Mary might, at least, have been spared the final indignity of being dissected, either by her former lover or Doctor Knox. Knox made the mistake of showing off his acquisition to fellow surgeon Robert Liston. Being an extraordinarily charitable man who frequently operated in the slums on those who had been turned away by the hospital, Liston was as familiar with the underclass of the Old Town as if he were one of them. In a letter to a friend, he claimed to have immediately recognised the girl and, incensed by Knox's smugness at his possession of her, to have promptly punched him to the floor and had her remains removed for burial.
If this was the case, it seems he neglected to alert Janet Brown to his discovery. She only found out what had become of her friend in the course of Burke's eventual trial and, in the aftermath, did all she could to defend Mary's memory from the lurid stories woven around her by the sensationalist newspaper writers and novelists for whom the whole story was a tremendous gift. It was to no avail: the legends were already being spun, and it made a more satisfying moral homily if Mary was a victim whose death, while tragic, was the consequence of a wicked life.
In many respects, the writers who promulgated these fables missed the most important point: Mary was a well-known, well-liked and relatively respectable resident of the Old Town, and yet her disappearance was completely ignored by the authorities, as were those of most of the other victims. Burke and Hare are often pictured as being cunning villains, carefully selecting their prey to minimise the risk of being detected. In truth, they were outragously opportunistic, killing whomever they stumbled across when they were short of money, and barely lifting a finger to cover their tracks. They had even kept the clothing of almost every one of their victims in their own home, allowing Janet to finally discover Mary's fate.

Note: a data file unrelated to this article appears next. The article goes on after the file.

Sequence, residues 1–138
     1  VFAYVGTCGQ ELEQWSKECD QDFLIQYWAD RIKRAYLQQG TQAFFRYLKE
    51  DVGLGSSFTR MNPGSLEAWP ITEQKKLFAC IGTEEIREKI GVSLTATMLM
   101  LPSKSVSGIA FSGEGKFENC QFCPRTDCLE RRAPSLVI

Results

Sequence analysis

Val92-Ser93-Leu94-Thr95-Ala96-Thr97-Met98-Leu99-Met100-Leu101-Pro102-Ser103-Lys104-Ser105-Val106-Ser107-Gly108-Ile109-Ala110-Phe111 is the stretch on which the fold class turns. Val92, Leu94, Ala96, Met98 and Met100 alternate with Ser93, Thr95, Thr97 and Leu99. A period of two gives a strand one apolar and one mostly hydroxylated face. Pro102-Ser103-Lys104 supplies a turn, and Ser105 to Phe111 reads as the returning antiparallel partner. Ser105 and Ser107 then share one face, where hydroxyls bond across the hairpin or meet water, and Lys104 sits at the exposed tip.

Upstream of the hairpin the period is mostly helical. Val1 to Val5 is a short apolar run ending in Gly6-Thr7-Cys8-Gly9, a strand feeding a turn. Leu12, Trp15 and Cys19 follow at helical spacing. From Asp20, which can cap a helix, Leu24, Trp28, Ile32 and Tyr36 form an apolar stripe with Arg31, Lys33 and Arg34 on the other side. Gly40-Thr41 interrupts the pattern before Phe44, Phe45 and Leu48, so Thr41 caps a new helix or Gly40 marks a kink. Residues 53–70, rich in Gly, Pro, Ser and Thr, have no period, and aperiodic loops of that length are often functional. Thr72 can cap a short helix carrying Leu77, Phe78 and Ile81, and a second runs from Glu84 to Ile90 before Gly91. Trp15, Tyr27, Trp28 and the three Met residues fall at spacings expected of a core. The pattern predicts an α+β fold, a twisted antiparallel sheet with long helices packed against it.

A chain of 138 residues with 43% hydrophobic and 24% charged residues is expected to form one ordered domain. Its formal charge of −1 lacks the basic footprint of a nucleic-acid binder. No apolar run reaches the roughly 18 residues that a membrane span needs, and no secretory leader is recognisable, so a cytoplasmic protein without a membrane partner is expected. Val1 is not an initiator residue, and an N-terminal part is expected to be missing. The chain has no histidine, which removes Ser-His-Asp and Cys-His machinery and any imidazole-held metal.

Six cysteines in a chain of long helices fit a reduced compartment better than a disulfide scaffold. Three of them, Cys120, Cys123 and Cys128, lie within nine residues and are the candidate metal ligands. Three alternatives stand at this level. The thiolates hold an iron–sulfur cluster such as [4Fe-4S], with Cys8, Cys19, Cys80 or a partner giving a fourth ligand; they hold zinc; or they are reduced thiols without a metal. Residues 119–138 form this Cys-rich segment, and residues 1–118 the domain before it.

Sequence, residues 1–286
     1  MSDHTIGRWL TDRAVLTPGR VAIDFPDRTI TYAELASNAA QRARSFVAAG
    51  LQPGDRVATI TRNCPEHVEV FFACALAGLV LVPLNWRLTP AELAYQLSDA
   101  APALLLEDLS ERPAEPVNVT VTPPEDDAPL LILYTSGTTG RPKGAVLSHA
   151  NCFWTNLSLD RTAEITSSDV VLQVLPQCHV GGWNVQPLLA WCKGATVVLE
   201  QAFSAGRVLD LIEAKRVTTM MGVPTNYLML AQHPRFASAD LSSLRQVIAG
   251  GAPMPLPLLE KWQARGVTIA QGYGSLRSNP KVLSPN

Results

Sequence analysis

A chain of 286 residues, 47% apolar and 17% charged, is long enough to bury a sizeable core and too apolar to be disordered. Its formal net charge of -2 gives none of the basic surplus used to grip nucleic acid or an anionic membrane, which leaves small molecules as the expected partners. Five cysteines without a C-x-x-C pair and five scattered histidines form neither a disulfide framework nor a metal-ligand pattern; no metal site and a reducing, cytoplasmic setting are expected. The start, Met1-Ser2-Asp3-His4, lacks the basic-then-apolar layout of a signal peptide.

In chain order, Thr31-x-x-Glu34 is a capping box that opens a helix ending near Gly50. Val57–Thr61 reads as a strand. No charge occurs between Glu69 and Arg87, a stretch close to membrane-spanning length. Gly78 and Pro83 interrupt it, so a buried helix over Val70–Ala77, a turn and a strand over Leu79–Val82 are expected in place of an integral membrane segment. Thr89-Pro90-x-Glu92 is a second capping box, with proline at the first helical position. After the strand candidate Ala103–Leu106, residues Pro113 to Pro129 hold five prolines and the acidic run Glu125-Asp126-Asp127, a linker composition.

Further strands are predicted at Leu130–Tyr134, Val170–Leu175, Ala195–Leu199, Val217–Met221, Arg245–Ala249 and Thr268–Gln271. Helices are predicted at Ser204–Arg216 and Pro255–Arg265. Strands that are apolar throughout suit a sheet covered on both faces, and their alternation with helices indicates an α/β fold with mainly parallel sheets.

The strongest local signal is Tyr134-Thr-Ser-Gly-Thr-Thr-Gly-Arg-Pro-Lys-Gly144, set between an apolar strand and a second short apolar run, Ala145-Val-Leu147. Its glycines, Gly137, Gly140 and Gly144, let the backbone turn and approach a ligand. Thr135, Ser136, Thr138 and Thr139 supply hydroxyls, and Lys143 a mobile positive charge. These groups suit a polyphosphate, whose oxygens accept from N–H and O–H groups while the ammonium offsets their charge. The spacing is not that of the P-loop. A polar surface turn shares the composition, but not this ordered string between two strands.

It was official apathy over the disappearence of members of the lower classes from the slums which allowed Burke and Hare to continue killing for another six months after Mary Paterson was murdered. They claimed sixteen lives in total (twelve of whom were women), but only Burke stood trial, and was tried only for the murder of their last victim (one Mrs Docherty, whose body was the only one recovered). He later confessed to his part in all of the murders, including Mary's, which had fetched the pair eight Pounds.
After the facts of the case were laid out, many asked how it could have happened. Sir Walter Scott summarised the cause of Burke and Hare's success, with these bitterly frank words:
"Our Irish importation have made a great discovery of Economics, namely, that a wretch who is not worth a farthing while alive becomes a valuable article when knocked on the head and carried to an anatomist; and acting on this principle, have cleared the streets of some of those miserable offcasts of society, whom nobody missed, because nobody wished to see them again."
Janet Brown might have disagreed with Scott's last point, but it's reasonable to assume that he meant "nobody who mattered".